March 20, 2018
We gather for safer, more
empathetic, and more loving schools
By Emanuelle Sippy & Nasim Mohammadzadeh
Nasim: On behalf of the Student Voice Team, thank you for joining us today at the Kentucky State Capitol, even despite the weather. My name is Nasim Mohammadzadeh, and with me is Emanuelle Sippy. We’re members of the Student Voice Team, a youth-led organization that supports students as partners in improving Kentucky schools. For the past six years, the Student Voice Team has worked to amplify student stories in education decision-making, and we do so again here today.
Emmanuelle: We gather here today to show Kentucky what we experience in our schools and our communities every day. We gather for safer, more empathetic, and more loving schools. We gather here today because fourteen students and three staff lost their lives at Marjory Stoneman Douglas High School in Parkland, Florida, and two students at Marshall County High School here in Kentucky have lost their lives in the past two months. The courage displayed by Douglas and Marshall County students as they raised their voices in the face of tragedy exemplifies the well-engaged citizenry our schools seek to foster.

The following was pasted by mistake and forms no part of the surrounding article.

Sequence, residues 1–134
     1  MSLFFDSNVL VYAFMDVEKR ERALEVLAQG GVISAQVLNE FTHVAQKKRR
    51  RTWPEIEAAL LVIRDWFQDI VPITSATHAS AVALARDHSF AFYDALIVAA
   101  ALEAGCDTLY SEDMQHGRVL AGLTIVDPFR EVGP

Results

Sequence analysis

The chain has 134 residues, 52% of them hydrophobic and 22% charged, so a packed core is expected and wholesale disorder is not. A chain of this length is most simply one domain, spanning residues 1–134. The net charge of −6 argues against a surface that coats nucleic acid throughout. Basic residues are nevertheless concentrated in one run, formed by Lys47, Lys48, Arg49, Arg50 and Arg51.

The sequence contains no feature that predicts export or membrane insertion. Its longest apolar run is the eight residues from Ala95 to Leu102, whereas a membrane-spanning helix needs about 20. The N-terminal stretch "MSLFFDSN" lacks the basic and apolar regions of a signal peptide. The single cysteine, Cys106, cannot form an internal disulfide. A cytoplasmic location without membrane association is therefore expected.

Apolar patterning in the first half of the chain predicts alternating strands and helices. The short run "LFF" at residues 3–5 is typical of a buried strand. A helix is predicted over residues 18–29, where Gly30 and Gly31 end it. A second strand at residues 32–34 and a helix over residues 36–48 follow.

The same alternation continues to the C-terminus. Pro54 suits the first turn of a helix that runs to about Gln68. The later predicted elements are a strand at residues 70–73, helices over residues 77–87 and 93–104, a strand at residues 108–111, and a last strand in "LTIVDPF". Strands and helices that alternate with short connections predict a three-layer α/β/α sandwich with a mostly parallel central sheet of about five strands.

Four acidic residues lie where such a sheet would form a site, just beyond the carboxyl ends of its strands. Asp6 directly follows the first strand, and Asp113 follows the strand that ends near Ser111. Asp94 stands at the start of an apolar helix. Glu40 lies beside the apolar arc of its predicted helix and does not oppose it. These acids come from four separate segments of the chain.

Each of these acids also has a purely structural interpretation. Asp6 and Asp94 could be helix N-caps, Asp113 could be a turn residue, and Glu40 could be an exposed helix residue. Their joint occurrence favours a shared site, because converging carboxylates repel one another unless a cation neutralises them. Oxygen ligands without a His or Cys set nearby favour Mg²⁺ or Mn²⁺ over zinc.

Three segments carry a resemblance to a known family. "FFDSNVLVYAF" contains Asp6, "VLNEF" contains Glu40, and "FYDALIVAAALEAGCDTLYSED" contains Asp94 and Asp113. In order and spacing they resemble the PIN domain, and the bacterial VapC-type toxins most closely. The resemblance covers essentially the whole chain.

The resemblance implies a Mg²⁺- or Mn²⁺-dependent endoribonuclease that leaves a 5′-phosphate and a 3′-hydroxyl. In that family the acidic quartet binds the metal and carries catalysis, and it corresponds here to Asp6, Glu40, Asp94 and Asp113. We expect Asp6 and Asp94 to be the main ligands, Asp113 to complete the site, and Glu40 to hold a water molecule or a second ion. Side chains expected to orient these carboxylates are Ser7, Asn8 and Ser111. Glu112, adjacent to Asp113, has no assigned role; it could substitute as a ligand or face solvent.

Nasim: Please join us in a moment of silence for those who died at Douglas and Marshall County High Schools and for the many others who have lost their lives to guns, both in our schools and in our communities.
Nasim: To our fellow students, thank you for raising your voices. To our adult allies, thank you for standing with students and amplifying our voices. Today, we will hear from a wide range of perspectives--from rural students who grew up with guns in their home to city students who say they see too many guns on the streets. We’ll hear from a student with autism who implores us not to blame mental illness for our problems with school safety and a student who wonders why we are quick to call some students monsters when they commit a violent act without even considering whether they could be grappling with mental illness.
Emmanuelle: We’ll hear from two students who experienced the same school shooting but who have different ideas regarding what needs to be done to protect our schools. We’ll hear from students across Kentucky who speak to the ripple effect of guns in schools across America. And we’ll also hear from adult allies, a police chief and an educator, who speak to the systemic problems they see behind violence in our schools.
Nasim: It is okay that we don’t yet all agree on what needs to be done about violence in our schools. What is most important for now is that we grapple with the issue together, as a civil community that cares about our schools and that includes young people in the discussion.
Emmanuelle: Concerned citizens of Kentucky, this is not a call to arms. This is a call to ears. We gather today to listen and learn.